On evening of November 13, 2015, Isobel Bowdery went to a concert with her friends for fun, but her evening quickly turned to a nightmare. Isobel harrowing tale of survival was recounted the day after the coordinated Isis in Paris. She writes,
You never think it will happen to you. It was just a friday night at a rock show. the atmosphere was so happy and everyone was dancing and smiling. and then when the men came through the front entrance and began the shooting, we naiively believed it was all part of the show. It wasn't just a terrorist attack, it was a massacre. Dozens of people were shot right infront of me. Pools of blood filled the floor. Cries of grown men who held their girlfriends dead bodies pierced the small music venue. Futures demolished, families heartbroken. in an instant. Shocked and alone, I pretended to be dead for over an hour, lying among people who could see their loved ones motionless. Holding my breath, trying to not move, not cry - not giving those men the fear they longed to see. I was incredibly lucky to survive. But so many didn't…Last night, the lives of many were forever changed and it is up to us to be better people. to live lives that the innocent victims of this tragedy dreamt about but sadly will now never be able to fulfil.
Isobel first words are stunning, “You never think it will happen to you.” Isobel went to a concert that Friday night as she had done many nights before and her peaceful life was forever changed. She became utterly aware that she was part of a war. Warfare is bloody and brutal. It is an awful reality.
ISIS is at war with the west. We may not feel the effects of war, but that does not change the reality of war. We have an enemy. America must never forget that we have enemies of our way of life. And like Americans, Christians must never forget that we have enemies of our way of life. Christians are in a war. There are enemies of the cross of Christ. We may not always feel its effects, but there are moments like the ones on November 13th that remind us that we are at war. Paul charges Timothy to fight for the gospel of Jesus Christ. As Paul charges Timothy to fight for the Gospel, I prayer that you will pick up your army and contend for the gospel.
The Reality of the War
First, let us briefly establish the reality of the war. The Christian life is viewed as a battle. Listen to the Scriptures in reference to the warfare against sin,
1 Peter 2:24, “He bore our sins in his body on the tree, that we might die to sin and live to righteousness” (1 Peter 2:24). Romans 6:6, 2, “We have been united with him in a death like his. . . .Our old self was crucified with him in order that the body of sin might be brought to nothing. . . . How can we who died to sin still live in it?” Galatians 2:20; 5:24, “I have been crucified with Christ. . . .Those who belong to Christ Jesus have crucified the flesh with its passions and desires.” Colossians 3:3, “You have died, and your life is hidden with Christ in God.” Romans 7:4, “You have died to the law through the body of Christ, so that you may belong to another…Romans 8:13, “If you live according to the flesh you will die, but if by the Spirit you kill the deeds of the body, you will live.” Colossians 3:5, “Put to death what is earthly in you.” 1 Corinthians 9: 27, “I pommel my body and keep it under control, lest after preaching to others I myself should be disqualified.” * 1 Corinthians 15:31, I die every day!”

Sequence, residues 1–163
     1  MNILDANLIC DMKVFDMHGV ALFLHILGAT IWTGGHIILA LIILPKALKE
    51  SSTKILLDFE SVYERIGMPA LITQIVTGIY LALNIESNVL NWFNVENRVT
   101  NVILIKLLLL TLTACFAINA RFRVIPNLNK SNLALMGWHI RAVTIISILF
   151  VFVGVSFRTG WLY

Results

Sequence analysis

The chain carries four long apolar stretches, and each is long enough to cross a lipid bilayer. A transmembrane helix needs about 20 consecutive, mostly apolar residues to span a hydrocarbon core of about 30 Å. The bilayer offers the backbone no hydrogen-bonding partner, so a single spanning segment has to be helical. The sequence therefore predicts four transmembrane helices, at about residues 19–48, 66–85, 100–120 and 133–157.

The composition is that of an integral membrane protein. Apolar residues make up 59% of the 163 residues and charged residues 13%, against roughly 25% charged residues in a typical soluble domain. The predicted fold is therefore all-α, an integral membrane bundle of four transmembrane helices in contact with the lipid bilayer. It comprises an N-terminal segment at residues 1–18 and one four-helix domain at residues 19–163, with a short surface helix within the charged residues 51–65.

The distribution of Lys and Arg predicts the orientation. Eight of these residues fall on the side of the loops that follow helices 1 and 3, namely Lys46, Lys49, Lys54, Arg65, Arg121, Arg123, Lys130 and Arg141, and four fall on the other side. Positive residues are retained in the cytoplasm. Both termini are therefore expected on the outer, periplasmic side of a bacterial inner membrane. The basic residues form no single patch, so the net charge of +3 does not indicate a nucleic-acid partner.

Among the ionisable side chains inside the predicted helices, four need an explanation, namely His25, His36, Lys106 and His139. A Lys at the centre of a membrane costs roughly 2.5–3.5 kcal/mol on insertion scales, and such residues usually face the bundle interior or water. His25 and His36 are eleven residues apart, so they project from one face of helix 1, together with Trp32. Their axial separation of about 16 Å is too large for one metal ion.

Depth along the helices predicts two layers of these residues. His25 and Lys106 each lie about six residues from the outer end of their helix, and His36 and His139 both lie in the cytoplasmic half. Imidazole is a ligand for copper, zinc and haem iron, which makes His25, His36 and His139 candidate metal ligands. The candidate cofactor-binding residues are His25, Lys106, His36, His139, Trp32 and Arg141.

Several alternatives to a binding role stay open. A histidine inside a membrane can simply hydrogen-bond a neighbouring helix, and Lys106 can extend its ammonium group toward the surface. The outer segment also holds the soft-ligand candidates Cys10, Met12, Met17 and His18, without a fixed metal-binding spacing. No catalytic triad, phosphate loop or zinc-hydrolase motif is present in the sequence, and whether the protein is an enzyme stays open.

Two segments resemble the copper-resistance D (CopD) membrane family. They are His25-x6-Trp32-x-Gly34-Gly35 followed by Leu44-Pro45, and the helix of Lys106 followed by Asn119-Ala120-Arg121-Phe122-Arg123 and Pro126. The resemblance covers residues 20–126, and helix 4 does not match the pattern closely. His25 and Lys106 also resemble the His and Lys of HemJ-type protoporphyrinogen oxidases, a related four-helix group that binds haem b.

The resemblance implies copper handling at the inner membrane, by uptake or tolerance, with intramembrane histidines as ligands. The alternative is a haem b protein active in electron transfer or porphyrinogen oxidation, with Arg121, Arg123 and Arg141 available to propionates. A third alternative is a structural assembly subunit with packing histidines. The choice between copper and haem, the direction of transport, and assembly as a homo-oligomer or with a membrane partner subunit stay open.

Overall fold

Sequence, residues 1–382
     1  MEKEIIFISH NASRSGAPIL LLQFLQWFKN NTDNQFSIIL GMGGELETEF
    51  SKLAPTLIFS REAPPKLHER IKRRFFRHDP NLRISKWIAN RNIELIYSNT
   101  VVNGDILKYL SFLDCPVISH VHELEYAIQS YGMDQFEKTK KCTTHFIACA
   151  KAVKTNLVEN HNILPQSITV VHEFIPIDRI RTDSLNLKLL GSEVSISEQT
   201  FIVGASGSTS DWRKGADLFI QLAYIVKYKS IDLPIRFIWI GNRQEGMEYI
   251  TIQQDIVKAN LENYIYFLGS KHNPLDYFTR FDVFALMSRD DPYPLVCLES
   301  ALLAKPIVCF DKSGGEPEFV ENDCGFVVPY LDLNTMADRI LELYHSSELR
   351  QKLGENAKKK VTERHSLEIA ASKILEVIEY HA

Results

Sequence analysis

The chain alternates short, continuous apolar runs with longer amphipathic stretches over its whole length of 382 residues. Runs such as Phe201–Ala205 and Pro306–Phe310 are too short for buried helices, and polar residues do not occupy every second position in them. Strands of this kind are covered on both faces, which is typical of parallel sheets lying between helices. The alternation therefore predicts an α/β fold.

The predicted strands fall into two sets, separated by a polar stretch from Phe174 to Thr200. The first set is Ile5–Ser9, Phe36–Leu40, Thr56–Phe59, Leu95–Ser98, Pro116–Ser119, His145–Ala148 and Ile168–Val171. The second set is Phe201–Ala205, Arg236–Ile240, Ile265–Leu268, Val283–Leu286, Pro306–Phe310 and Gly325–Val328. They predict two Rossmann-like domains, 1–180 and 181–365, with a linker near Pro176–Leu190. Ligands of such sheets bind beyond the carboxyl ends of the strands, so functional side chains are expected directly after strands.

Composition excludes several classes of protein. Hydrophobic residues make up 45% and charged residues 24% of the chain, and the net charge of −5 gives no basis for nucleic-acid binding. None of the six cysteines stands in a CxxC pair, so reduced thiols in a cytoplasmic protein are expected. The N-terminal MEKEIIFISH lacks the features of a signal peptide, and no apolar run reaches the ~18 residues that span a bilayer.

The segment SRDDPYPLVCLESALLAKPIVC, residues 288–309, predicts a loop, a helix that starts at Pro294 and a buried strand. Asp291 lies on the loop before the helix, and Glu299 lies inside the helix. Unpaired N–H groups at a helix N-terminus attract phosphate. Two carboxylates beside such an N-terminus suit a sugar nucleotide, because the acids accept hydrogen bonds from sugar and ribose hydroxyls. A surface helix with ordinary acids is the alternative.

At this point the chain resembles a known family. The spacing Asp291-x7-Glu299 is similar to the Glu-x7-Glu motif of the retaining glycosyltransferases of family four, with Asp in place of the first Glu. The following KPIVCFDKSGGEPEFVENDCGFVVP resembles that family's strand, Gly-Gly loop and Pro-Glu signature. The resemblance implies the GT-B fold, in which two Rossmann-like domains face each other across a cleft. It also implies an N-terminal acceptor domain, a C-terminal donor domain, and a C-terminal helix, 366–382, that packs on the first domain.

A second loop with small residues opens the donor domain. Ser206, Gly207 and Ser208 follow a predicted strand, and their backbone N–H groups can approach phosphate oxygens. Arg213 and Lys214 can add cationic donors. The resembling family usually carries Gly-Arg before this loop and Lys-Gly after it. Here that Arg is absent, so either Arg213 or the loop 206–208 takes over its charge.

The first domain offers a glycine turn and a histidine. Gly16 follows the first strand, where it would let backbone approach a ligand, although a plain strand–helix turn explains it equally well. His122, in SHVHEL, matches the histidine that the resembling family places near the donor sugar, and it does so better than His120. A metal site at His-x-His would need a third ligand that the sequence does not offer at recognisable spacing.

The believer battle with sin is clearly pictured as warfare. We are at war with the world, our flesh and the devil to root out and kill sin our life. John Owen writes, “Do you mortify? Do you make it your daily work? Be always at it whilst you live; cease not a day from this work; be killing sin or it will be killing you.”
The Soldiers in the War
Paul left Timothy at Ephesus to lead the army against sin. Timothy was charged to lead God’s people, 1 Tim 1:18-19a, “This charge I entrust to you, Timothy, my child, in accordance with the prophecies previously made about you, that by them you may wage the good warfare, holding faith and a good conscience.” Timothy was set apart by the council of the elders to serve as the Elder of the church at Ephesus. He was charged to fight by holding onto faith and a good conscience. First, we wage the good warfare by fighting for sound doctrine. Timothy had to teach the people the true faith. The false teachers in Ephesus were leading people from purity of doctrine. We always will have to fight for true faith. The true faith that Jesus Christ alone saves. Jesus is the only name under heaven which man must be saved. There is no other way. There is one mediator between man and God, and that is the man Christ Jesus. There is no other. We must fight for the exclusivity of the Cross of Jesus Christ. Everyone is welcome at the cross, but everyone must come through the cross to get to God. We come to Jesus by faith. We turn from our sin and turn to Jesus for salvation believing in his death and resurrection.
Secondly, we fight with a good conscience. We fight to believe and we fight to live out our beliefs. The church had a saying, “Coram Deo.” It means before the face of God. We live our lives fighting for holy lives. We confess sin. We protect what we watch on T.V. We put internet filters on our computers. We invite people into our lives to ask us tough questions. We commit ourselves to a local church. As Peter encourages the church to make their calling and election sure. We fight to believe God’s Word and we also fight to live by God’s Word. We trust God’s Word to live God’s Way for God’s Glory.
We are all soldiers in the Lord’s army. We have been set apart to wage the good warfare. Like in an Army, we have leaders. Elders and deacons who are on the front lines in the battle of sin, but we all are part of the royal priesthood. We are all called to be good soldiers of Jesus Christ. We all have responsible to fight for the purity of our doctrine and our lives. Jonathan Leeman writes 7 responsibilities of church members in his new book, Don’t Fire Your Church Members: A Case for Congregationalism: Attend Regularly, Help Preserve the Gospel, Help Affirm Gospel Citizens, Attend Members Meetings, Disciple Other Church Members, Share the Gospel with Outsiders, and Follow Your Leaders. These responsibilities help the church wage war against sin and fight for God’s glory. He adds,